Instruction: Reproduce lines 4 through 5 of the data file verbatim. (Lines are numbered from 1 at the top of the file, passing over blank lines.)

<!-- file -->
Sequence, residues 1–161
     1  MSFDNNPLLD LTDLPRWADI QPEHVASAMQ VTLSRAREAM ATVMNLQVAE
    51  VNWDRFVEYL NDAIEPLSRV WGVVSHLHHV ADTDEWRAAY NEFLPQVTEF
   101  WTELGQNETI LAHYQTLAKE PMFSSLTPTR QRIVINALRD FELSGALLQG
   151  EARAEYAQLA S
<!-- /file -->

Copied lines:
   101  WTELGQNETI LAHYQTLAKE PMFSSLTPTR QRIVINALRD FELSGALLQG
   151  EARAEYAQLA S